We came to Potrillo to conduct field excursions that simulate EVAs, or extravehicular activities, which are like the moonwalks that Apollo astronauts took on the lunar surface. Future astronauts might conduct something like a moonwalk on the surface of another rocky planetary body. Our research helps answer the question: If astronauts are going to explore volcanic features on the surfaces of other planets or moons, what kinds of instruments should they bring, and how will they use the different types of data that they collect?
Astronaut Butch Wilmore and geologist Liz Rampe, both from Johnson Space Center in Houston, joined us for the EVA activities. They carried out some of the tasks that a crew might perform, and then gave us feedback about the use of instruments during EVAs. This feedback is valuable for us because it’s from the perspective of someone who has conducted spacewalks from the International Space Station (Wilmore) and of someone who has expertise as a field geologist and operating rovers on the surface of Mars (Rampe).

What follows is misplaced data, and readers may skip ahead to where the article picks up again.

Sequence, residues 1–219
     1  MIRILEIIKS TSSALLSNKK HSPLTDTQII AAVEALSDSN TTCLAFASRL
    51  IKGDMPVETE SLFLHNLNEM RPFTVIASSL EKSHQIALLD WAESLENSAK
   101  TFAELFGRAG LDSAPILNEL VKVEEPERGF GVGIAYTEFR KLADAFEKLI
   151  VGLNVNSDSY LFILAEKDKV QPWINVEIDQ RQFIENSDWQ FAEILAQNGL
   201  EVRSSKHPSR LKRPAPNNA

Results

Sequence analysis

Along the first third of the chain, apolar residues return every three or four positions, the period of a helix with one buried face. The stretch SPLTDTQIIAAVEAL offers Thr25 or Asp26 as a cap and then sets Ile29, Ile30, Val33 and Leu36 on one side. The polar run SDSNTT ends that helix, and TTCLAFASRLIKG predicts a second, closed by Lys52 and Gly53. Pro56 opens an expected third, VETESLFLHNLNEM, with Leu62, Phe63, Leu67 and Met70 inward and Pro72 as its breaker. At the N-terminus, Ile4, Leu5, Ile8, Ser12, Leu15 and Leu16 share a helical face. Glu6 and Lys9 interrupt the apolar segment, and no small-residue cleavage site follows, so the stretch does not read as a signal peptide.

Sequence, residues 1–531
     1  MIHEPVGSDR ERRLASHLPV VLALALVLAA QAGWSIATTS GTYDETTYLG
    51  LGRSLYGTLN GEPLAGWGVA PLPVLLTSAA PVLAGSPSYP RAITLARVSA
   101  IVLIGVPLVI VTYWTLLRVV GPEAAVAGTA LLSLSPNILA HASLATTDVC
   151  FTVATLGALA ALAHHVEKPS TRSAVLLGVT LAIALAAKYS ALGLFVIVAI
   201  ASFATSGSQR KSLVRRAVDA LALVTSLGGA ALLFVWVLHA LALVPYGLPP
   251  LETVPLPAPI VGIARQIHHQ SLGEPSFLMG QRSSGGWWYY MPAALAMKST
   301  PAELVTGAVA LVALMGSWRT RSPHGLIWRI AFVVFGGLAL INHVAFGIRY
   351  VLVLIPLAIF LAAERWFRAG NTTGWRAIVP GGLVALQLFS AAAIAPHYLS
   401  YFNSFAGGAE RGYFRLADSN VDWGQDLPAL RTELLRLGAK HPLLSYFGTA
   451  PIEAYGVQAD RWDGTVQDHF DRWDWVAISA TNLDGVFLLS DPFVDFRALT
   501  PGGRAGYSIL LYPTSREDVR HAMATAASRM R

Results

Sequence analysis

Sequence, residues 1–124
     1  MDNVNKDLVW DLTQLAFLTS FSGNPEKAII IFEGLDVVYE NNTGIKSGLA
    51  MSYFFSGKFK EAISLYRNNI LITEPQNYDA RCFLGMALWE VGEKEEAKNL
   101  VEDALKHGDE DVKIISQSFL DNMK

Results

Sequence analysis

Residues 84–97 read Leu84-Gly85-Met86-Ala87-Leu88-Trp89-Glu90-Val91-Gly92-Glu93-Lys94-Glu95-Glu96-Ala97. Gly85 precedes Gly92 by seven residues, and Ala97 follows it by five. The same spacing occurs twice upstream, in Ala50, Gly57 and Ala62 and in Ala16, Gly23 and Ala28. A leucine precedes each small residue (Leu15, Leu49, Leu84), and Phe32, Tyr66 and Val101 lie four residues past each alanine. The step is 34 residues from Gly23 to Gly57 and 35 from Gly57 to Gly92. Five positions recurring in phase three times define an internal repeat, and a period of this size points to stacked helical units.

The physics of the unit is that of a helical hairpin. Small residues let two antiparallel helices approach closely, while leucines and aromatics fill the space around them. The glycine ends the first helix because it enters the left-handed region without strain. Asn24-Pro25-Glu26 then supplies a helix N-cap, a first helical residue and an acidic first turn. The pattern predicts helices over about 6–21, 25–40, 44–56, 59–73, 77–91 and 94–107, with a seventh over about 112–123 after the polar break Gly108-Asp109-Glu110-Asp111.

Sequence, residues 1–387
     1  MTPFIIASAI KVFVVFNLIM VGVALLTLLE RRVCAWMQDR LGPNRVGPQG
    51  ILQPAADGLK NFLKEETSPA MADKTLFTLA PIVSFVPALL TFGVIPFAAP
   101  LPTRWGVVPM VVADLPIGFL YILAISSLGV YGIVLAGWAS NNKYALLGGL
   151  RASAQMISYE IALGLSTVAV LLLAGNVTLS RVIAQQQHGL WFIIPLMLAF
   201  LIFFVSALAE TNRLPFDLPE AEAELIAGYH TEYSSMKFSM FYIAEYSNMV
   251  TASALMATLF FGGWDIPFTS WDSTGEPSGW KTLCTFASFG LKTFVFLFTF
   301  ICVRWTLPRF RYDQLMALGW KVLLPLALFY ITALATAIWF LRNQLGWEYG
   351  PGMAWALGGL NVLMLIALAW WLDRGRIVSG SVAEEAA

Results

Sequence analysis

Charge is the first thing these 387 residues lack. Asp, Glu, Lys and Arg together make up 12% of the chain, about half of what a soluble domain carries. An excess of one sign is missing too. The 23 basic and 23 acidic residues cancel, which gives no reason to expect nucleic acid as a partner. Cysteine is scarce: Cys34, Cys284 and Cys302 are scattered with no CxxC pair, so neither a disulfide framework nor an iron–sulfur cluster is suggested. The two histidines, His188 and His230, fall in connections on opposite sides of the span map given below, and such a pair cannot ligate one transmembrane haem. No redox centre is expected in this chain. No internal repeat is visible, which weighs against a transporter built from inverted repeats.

This information helps us build and prepare to use instruments that would be ready for spaceflight and planetary exploration. Goddard has a long history of building instruments, and we’re adding to that legacy by learning as much as we can about how well different kinds of instruments work for the tasks that explorers would have to perform on the surfaces of other planetary bodies.
NASA astronaut Butch Wilmore talks about simulated extravehicular activities that the team conducted in the Potrillo volcanic field and how the excursion sites were chosen. NASA/GSFC
Footage from the camera worn by Butch Wilmore shows Liz Rampe working with him on simulated extravehicular excursions at Kilbourne Hole. NASA/GSFC